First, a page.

A powerful bomb tore through a shopping mall in a Christian heartland north of Beirut Wednesday, killing three workers, according to reports.
The explosion, the second in a Christian area in five days, follows the blast last Saturday in the Christian suburb of Jdeide in eastern Beirut that wounded 11 people.
According to Reuters, yesterday's blast at the mall in the coastal area of Kaslik, 12 miles north of Beirut, blew out walls and brought down the roof of the mall. Police sources said the blast at 1:30 a.m. (1330 GMT) was caused by a 176-pound bomb placed inside the multi-story center, which was closed at the time.
Rescuers have since then found the bodies of three Asian workers, but according to Reuters, that the death toll would have been much higher if the blast had taken place in the daytime in the usually crowded street.
The latest bombing adds to the political turmoil set off by the Feb. 14 assassination of former Prime Minister Rafik Hariri, and the subsequent withdrawal of Syrian troops to east Lebanon and Syria.
Since Hariri was killed in a massive explosion that ripped through his motorcade in downtown Beirut, hundreds of thousands of Lebanese have been participating in demonstrations for and against Syria. According to the Associated Press, anti-Syrian opposition demonstrations have included large numbers of Maronite Christiansmembers of one of the Eastern Rites of the Catholic church.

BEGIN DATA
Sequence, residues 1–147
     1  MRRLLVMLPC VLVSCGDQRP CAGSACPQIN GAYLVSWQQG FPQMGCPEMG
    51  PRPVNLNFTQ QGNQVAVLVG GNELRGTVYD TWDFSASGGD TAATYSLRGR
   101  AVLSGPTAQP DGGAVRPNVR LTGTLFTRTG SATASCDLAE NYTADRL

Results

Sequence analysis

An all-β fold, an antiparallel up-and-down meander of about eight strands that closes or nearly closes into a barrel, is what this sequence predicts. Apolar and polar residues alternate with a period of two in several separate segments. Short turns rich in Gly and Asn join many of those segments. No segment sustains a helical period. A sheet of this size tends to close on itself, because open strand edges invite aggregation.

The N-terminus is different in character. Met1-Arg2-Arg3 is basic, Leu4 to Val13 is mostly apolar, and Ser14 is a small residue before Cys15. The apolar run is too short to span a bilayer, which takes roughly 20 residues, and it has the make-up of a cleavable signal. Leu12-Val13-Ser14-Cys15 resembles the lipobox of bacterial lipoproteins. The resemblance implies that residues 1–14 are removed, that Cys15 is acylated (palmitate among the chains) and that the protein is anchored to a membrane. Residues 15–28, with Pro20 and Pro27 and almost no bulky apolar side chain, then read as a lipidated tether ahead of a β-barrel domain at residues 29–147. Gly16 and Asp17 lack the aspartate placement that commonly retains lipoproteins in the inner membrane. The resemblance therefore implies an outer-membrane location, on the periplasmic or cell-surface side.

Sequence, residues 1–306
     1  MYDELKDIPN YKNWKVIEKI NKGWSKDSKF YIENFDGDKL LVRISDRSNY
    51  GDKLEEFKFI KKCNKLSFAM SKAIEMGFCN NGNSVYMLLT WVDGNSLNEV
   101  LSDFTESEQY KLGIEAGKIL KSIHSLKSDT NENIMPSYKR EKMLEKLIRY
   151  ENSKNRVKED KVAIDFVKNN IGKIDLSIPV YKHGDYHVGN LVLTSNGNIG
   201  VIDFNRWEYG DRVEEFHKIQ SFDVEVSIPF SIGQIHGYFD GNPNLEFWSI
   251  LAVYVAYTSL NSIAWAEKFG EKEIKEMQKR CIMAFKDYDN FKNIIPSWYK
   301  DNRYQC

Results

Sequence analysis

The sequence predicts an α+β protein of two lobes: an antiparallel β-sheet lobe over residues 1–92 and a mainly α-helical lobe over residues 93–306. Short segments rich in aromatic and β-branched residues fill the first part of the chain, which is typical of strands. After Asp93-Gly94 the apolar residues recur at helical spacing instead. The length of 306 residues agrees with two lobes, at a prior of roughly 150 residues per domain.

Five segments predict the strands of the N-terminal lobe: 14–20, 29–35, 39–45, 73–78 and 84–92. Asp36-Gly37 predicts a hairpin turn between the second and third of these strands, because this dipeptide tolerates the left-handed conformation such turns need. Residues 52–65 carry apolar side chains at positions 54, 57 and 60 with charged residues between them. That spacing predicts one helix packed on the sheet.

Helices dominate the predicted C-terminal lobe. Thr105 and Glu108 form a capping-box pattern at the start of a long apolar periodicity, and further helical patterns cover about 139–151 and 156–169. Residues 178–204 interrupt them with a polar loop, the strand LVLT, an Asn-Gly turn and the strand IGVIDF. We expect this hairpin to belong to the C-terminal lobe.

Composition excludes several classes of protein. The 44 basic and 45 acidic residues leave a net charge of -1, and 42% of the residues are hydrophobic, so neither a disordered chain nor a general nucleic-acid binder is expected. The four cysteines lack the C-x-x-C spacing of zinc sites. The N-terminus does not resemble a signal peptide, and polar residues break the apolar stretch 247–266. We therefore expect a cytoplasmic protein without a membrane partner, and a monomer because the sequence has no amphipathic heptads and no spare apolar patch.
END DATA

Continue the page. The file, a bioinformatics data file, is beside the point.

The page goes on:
Hariri's death sharpened an ominous rift between the pro-Syrian authorities and an energized opposition as Syria has begun to withdraw troops from Lebanon under international pressure, AP reported.
Although accusations of their involvement in Hariri's killing have been denied by authorities in Beirut and Damascus, opposition Members of Parliament (MPs) and residents of Kaslik were quick to point a finger at pro-Syrian Lebanese security agents for the bombing there.
"The Lebanese-Syrian security network is targeting Christian regions in order to provoke Islamic-Christian tension, which will not happen," said Simon Karam, a former diplomat and a member of the Christian opposition.
Karam told the Agence-France Presse (AFP) "these services are trying to divide the opposition."
Opposition MP Mansour al-Bon said such services were "targeting the security of the Christians in order to create confessional troubles."
In Kaslik itself, resident Simon Shihan noted to AFP that the attack in Kaslik came just before Easter while the one in Jdeide came just before Palm Sunday.
"The joint Syrian-Lebanese services want to bring the Christians to their knees. But God is great," Kaslik told the news agency.
AFP reports that the Hariri assassination and its aftermath have left Beirut residents "jittery," notably as there have also been several false bomb alerts recently.